Utah House Speaker proposes ballot question to address education funding, food tax | News, Sports, Jobs

TIM VANDENAK, standard examiner

Utah Speaker Brad Wilson (right) addresses the Leyton City Hall on Monday, February 3, 2020. Senator Jerry Stevenson, MP Stuart Barlow and MP Stephen Handy are listening from left to right.

In November this year, Utah residents could see the question of whether to increase the flexibility of the state budget – and whether or not to remove the state tax on food sales.

The Utah Board of Education held a virtual meeting Tuesday to hear a presentation entitled “Education and the Common Fund: Affordable Budget Flexibility” from Utah House Speaker Brad Wilson and Ben Leishman, finance manager of the Office of Legislative Fiscal Analyst.

Wilson said he believes the inflexibility within the current budget does not allow politicians to allocate funds to issues they consider most pressing. Currently, the Utah Constitution provides that corporate and individual income taxes fund only higher and public education, as well as certain social services. The rest of Utah’s tax revenue goes to everything else in the state budget.

In addition, an amendment to Constitution G, which was approved in 2020, ensures that growth and inflation are automatically added to the basic education budget, but no other areas of funding have the same guarantee, meaning they do not receive additional funds for accounting inflation.

With many members of the general public and the legislature calling for the abolition of the state tax on food sales, Wilson is concerned that the funds allocated to the Utah General Fund will not be enough to provide general government services.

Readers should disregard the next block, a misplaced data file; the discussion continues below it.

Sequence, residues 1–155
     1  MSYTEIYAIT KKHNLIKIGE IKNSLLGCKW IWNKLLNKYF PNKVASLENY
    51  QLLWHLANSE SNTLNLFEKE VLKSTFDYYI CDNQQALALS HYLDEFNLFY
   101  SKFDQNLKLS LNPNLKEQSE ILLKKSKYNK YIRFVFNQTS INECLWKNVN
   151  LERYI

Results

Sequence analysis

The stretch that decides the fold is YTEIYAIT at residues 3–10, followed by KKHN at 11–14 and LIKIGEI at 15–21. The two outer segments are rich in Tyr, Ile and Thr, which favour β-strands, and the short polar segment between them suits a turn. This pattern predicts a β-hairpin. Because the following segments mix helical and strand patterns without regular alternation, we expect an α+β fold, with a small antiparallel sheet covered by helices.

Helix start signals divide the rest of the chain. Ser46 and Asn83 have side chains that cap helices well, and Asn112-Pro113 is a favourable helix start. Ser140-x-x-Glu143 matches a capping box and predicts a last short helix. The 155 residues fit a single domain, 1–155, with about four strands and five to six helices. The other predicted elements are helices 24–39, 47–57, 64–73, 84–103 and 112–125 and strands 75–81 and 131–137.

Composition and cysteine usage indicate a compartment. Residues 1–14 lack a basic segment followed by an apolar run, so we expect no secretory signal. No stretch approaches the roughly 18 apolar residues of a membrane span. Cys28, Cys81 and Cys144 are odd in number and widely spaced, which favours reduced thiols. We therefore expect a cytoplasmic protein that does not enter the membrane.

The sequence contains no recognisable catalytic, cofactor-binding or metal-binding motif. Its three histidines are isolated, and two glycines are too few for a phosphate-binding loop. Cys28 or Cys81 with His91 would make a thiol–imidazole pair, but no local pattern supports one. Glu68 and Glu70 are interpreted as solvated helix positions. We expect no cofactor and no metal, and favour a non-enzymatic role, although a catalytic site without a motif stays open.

“We have, as you all know, the fastest growing state in a country with a strong economy and wealthy citizens, but this is not a state that does not have any budget constraints,” Wilson said. “As our state grows … one of the problems we have is that the common fund, our sales tax, is not growing at the same rate as the income tax. We don’t really have a revenue problem in Utah, but we do have a budget problem. “

Wilson’s proposal is to eliminate artificial barriers to state budget allocations and remove the tax on food sales, while continuing to give priority to funding education with additional constitutional guarantees. Since this is election year, Wilson has said he hopes to make his proposal on the ballot during this cycle; otherwise, he believes it may be too late.

“If we don’t do something this year, three years from now, when you can really see the impact of the next election cycle, it may actually be too late to deal with some of the budget constraints we have in the state,” Wilson said.


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